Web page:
Borussia Dortmund’s Sabitzer sinks Atlético Madrid in seesaw thriller

Estimated read time 4 min read

Another raw and savage night of Champions League football at the Westfalen: the colours vivid, the sounds ear-shattering, the defences in utter disarray. And yet even as an elated Borussia Dortmund toasted this remarkable victory with the Yellow Wall, there remained the eternal question of whether they are ever going to allow us to take them seriously. Whether they will ever escape this riotously entertaining cycle of boom and bust. What kind of resistance they can offer against a Paris Saint-Germain side who have flaws of their own, to be sure, but do not struggle to punish porous, fidgety defences.

It was a flawed and chaotic tie, a tie that felt like a whole psychodrama in its own right, a tie Dortmund effectively lost twice and then won twice. Late goals from Niclas Füllkrug and Marcel Sabitzer secured a first semi-final since 2013, and while Atlético admirably fought back early in the second half, in hindsight it felt like the last stand of a stumbling and broken team, a fibreglass facsimile of the battleships Diego Simeone used to produce.

Of course Atléti fans will defend Simeone to the death, bemoan the hollowing out of the title-winning side, the underinvestment and the overreliance on players whose best years were half a decade ago. “This hurts, we are angry, but when you don’t take your chances this happens,” Koke said afterwards. But it is the basics that are deserting them here, the meat and cheese of clearing lines, winning battles, tracking runners. This is Simeone’s job, even if it is not his entirely. But these days Atlético seem to crumble like this about half a dozen times a season.

Take the winning goal by way of example, a simple clipped diagonal ball that Julian Brandt was allowed to control inside the area, which Füllkrug was allowed to follow up, from which Sabitzer was allowed the room to shoot. Atlético never used to concede goals like this. And if they arrived with hopes of sitting tight on their 2-1 lead from the first leg, it was a delusion shattered within minutes of the start.

Niclas Füllkrug levels the aggregate score at 4-4.View image in fullscreen

Sabitzer was key to the chaos. Indeed a cursory glance at his CV – Dortmund, two Red Bull clubs, Manchester United – reveals a player who has basically earned a PhD in chaos, a central midfielder who actually does very few of the things you would expect from a central midfielder. He only completed 17 passes all night. He did not attempt a tackle or win a header. But somehow he was still everywhere: aggressively pressing the goalkeeper, roaming left and right, sniffing out the space, a kind of midfielder without portfolio.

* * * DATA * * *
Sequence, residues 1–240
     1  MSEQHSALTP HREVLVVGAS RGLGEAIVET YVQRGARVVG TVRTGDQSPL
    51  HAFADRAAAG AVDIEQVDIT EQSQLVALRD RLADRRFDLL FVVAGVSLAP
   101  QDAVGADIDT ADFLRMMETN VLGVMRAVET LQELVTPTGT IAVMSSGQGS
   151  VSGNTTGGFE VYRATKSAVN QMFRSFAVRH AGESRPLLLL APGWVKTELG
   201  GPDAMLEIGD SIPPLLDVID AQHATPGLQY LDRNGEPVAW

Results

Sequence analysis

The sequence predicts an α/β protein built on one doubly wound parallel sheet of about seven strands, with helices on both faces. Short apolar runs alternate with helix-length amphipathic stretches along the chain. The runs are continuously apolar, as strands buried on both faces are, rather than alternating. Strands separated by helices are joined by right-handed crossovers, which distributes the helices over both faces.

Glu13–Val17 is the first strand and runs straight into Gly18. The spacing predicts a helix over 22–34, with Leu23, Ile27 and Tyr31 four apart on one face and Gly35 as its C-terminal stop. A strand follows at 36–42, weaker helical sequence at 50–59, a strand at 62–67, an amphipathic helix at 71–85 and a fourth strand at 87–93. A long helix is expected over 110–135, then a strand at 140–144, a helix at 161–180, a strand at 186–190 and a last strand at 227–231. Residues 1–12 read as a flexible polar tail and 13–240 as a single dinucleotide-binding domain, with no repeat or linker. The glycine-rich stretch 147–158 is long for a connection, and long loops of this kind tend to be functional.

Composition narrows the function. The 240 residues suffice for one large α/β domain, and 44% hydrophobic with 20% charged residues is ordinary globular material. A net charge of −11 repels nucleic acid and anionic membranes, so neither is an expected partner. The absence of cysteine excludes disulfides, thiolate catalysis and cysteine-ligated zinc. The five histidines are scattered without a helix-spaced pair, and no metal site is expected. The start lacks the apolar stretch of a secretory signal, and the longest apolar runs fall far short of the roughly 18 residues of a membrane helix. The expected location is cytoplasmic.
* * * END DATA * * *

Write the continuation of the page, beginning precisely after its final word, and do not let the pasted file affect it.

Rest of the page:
It was a binary perfectly illustrated within the opening minutes. First Sabitzer ghosted into the box to meet Karim Adeyemi’s cross, only to be denied from six yards by a miraculous block from César Azpilicueta. But with Sabitzer wandering, Dortmund were essentially a 4-1-5, Emre Can patrolling the midfield on his own, and immediately afterwards Álvaro Morata missed a golden one-on-one after dribbling half the length of the field. On the touchline Simeone looked genuinely pained, although not altogether surprised.

As half-time approached, Dortmund seized the initiative. Brandt squeezed the ball past Jan Oblak after a gorgeous diagonal from Mats Hummels, before the marauding Ian Maatsen gave Koke the slip and slammed in powerfully from a tight angle. Simeone responded with a triple substitution at the break: not so much a tactical shift as a full-blown tantrum.

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Remarkably, it worked. Rodrigo Riquelme on the left immediately injected a little more energy and flair than Azpilicueta, Ángel Correa looked more lively and dangerous than Morata, and as ever Dortmund’s frailties were never too far from the surface. Hummels diverted Mario Hermoso’s header into his own net on 49 minutes, and by the time Correa forced the ball home after a goalmouth scramble, Simeone was in full pantomime mode: raging at the fates, lying prone on the turf, one of those spellbinding performances when he is either being possessed by God or the devil, but you are not quite sure which.

The game was formless and void, darkness moving over the surface of the watery deep, but the spirit of Sabitzer was moving across the water. First Füllkrug glanced in his speculative cross from the left. Next Atlético failed to clear their lines, and Sabitzer’s shot was experimental, wild, unrefined and yet going nowhere but the bottom corner. As the minutes leaked away Atlético thrashed and writhed, bent themselves into new and unfamiliar shapes. But the deed was done.


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